— A Hamlin dentist was arrested and charged with deceptive practices dating back six years.
James R. Fruehan, 52, who lives in Clarks Summit and operates a dental office in Hamlin, was released on $20,000 unsecured bond Tuesday after being arrested by state officials.
The case is being handled by the Pennsylvania Office of the Attorney General.
The accused operates Fruehan Family Dentistry located at 15 Fruehan Drive on Route 590 in Hamlin. He is licensed to practice dentistry by the Commonwealth of Pennsylvania.
A key part of the case is that Fruehan is an enrolled provider in the Medical Assistance Program (MA) and has been enrolled since March 1999.
According to the affidavit of probable cause filed by Special Agent Ralph Zezza, the investigation began following a complaint received through the Department of Health and Human Services.
"The allegations involve services not rendered to MA recipients and false claims submitted to MA for services not rendered," states the complaint.
It accuses Fruehan of committing insurance fraud "for several years."
In total, the complaint claims that Fruehan committed fraud in the amount of $75,000.
Part of the complaint says Fruehan billed for dental sealants and prophylaxis even though when they were applied to patients, it was by people who were not licensed to do so.
An investigator met with a dental consultant who said when those sealants are applied it must be by a licensed provider or it cannot be reimbursed through the MA program.
The affidavit said that during the course of the investigation, various employees of the dental office were interviewed. One employee who worked in the office from 2005-2010 said that "most" of the patients were MA recipients.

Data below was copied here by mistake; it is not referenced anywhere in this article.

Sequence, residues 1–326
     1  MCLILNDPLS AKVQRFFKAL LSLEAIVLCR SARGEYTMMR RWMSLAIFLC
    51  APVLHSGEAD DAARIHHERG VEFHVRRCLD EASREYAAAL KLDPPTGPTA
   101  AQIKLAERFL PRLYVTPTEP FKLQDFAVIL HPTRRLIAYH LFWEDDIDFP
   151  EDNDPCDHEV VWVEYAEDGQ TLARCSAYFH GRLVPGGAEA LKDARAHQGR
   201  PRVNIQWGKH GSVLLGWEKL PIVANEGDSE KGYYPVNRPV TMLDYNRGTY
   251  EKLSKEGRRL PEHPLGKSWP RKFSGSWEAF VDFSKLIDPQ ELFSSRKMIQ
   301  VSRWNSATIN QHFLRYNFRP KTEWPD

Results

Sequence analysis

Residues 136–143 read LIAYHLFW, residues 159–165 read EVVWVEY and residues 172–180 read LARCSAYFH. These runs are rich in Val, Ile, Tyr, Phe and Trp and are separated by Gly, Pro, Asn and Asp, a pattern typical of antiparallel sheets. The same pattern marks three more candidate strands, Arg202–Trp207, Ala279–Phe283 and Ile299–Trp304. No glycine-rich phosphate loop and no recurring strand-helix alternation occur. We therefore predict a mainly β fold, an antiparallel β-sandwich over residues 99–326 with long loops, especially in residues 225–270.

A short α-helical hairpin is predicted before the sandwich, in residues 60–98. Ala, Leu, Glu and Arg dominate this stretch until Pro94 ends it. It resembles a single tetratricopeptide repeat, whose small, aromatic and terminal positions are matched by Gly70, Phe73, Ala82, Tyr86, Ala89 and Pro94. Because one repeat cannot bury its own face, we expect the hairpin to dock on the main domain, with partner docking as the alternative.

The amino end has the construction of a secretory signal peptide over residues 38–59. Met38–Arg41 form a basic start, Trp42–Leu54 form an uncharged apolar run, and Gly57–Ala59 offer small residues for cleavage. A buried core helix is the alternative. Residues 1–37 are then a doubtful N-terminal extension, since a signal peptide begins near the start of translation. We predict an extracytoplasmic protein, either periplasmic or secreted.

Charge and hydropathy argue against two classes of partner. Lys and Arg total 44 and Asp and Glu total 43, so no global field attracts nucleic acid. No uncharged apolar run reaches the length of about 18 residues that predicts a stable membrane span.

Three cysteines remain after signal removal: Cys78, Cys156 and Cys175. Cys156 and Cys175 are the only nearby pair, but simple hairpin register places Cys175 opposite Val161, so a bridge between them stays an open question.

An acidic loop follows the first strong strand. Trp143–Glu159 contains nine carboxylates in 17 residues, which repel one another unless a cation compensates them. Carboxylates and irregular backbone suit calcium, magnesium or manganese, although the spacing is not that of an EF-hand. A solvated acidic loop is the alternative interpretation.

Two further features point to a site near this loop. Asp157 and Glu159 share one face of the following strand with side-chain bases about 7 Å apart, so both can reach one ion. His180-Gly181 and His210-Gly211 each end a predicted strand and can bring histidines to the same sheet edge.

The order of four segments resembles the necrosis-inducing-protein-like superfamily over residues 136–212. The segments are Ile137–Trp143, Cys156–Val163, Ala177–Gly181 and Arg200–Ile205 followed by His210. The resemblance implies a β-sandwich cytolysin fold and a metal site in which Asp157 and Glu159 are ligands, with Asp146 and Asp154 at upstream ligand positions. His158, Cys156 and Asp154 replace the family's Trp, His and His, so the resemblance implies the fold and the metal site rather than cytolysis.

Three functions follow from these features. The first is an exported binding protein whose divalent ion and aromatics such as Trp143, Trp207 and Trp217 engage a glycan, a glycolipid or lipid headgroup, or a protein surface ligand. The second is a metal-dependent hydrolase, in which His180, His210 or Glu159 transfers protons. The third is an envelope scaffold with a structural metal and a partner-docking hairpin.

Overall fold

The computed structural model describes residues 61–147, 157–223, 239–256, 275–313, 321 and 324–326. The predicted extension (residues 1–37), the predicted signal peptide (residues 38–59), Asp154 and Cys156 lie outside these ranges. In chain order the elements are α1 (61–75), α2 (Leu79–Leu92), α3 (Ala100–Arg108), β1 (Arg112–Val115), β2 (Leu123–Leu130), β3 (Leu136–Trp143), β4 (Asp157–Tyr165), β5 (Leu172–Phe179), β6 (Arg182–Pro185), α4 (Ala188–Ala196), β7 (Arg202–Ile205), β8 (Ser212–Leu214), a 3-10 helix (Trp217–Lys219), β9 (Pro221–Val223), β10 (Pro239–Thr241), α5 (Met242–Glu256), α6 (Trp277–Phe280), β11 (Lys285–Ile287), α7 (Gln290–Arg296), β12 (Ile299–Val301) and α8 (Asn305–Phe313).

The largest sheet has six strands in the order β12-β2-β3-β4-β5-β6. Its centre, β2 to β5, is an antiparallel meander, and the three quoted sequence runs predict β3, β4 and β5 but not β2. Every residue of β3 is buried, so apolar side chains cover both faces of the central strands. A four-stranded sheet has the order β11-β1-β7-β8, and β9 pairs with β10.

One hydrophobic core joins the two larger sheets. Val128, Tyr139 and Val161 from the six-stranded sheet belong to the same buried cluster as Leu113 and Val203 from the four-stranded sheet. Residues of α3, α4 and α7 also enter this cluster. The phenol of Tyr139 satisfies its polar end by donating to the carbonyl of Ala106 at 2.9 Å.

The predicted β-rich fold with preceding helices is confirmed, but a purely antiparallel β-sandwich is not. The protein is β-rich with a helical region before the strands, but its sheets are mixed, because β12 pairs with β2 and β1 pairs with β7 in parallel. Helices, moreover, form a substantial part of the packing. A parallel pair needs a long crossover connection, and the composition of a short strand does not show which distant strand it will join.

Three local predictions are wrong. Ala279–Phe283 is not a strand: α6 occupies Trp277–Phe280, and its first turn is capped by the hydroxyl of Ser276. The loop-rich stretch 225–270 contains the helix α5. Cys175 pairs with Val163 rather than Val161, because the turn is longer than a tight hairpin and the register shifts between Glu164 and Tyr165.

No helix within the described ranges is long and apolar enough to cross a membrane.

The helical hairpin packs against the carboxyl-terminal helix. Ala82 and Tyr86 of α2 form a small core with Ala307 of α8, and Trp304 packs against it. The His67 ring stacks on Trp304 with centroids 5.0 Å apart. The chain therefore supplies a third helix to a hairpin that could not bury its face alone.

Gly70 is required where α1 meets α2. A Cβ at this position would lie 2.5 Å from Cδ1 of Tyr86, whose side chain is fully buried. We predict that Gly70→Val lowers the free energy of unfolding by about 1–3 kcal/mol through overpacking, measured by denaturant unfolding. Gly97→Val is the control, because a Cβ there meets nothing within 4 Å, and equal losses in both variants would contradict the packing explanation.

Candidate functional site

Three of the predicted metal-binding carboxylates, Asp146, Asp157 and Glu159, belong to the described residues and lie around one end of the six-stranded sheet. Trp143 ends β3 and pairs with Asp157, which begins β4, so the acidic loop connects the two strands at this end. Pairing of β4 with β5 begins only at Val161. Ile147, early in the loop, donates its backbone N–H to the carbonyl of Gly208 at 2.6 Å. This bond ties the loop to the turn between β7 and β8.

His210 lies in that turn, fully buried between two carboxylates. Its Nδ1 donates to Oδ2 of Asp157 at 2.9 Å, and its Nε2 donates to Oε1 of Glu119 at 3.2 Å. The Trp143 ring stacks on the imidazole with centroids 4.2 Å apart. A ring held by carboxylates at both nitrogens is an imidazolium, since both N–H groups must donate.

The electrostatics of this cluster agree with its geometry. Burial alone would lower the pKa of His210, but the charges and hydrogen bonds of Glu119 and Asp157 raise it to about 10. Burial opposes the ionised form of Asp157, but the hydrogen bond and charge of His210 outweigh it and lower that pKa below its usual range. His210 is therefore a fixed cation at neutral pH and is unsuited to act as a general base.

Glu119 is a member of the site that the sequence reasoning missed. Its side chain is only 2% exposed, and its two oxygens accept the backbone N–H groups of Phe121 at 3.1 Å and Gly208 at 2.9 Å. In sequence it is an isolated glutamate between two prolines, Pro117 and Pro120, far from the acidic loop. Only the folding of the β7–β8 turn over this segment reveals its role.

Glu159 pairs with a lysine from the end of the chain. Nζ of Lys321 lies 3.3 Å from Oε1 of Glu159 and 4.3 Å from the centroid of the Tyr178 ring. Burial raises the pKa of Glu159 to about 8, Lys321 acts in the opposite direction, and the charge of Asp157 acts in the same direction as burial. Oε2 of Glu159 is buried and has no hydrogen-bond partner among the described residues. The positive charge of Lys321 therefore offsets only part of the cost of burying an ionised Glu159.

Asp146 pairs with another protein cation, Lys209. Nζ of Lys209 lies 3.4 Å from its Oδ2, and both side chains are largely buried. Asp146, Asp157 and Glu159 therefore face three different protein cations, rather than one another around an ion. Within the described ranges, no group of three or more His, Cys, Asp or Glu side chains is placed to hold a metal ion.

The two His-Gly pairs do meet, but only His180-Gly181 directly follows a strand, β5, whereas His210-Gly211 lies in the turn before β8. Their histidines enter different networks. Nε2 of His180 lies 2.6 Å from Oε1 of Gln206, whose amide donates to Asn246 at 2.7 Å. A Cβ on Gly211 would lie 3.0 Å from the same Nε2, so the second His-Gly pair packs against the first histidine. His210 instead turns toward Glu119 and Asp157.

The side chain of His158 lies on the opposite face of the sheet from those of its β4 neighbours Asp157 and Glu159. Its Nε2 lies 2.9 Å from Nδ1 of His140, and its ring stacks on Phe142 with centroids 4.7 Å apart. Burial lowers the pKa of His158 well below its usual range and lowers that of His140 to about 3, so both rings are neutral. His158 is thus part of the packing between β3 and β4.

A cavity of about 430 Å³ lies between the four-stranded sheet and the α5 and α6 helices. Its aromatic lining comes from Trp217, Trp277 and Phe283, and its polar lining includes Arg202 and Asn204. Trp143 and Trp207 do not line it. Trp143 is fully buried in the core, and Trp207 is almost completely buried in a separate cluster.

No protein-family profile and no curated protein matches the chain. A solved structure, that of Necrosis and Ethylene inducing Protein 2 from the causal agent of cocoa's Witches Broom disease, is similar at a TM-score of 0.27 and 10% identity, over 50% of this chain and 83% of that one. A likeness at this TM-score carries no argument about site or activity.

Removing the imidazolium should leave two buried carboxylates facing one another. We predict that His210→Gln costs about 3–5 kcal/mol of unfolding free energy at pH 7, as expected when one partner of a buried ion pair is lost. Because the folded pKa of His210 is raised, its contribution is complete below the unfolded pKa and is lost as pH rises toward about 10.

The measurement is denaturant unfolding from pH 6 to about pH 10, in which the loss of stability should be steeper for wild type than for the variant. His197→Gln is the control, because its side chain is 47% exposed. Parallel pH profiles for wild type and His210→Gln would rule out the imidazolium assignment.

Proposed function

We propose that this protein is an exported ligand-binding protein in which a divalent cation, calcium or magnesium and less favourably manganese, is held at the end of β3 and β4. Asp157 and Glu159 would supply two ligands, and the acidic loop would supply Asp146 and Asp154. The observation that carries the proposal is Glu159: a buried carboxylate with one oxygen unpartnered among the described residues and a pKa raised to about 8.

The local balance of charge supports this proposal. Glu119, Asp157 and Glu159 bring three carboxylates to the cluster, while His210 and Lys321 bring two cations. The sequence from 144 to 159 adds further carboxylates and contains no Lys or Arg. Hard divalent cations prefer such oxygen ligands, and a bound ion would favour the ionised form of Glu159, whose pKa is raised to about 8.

She told investigators that "50 percent of Fruehan's patients have fraudulent claims submitted in their names."
In one example, the woman said the dentist would write "sealant" on the chart of children which indicated that a sealant was done and should be billed.
The patient would later see the employee who said she saw the sealants were not done. However, she told investigators it was written on the cart by the dentist and billed by office staff.
She further stated that Fruehan would "not let parents come back to the examination room with them, so they would not see whether he did the sealant work or not."
This same employee told investigators that Fruehan would also make dental assistants do teeth cleanings on children. She said it was against the law because the dental assistants "were not licensed to do this work." The dentist would then bill for the work performed.
After talking with this employee, state agents issued a search warrant on Feb. 9 of this year at the dental office.
Page 2 of 2 - At that time, agents from the Attorney General's Office interviewed staff members and the dentist.
One dental assistant told investigators that even though she was not licensed to do scaling of teeth, she did it anyway.
The assistant also outlined the procedures of how various notations are written on the charts. She said that is how billing is done.
"... he (Fruehan) screwed it up by writing extra stuff in the patient charts," she told investigators.
Also during the investigation, officers interviewed Fruehan, according to the affidavit.
Asked about doing cleanings for children under the age of 12, Fruehan "admitted that he knew it was wrong for dental assistants to do cleanings, but he didn't think it would hurt the kids."
During the search warrant execution, agents also seized patient files to be presented as evidence.
Based on information provided by employees, officials determined the dentist billed $75,250 between March 1, 2006 and March 1, 2012.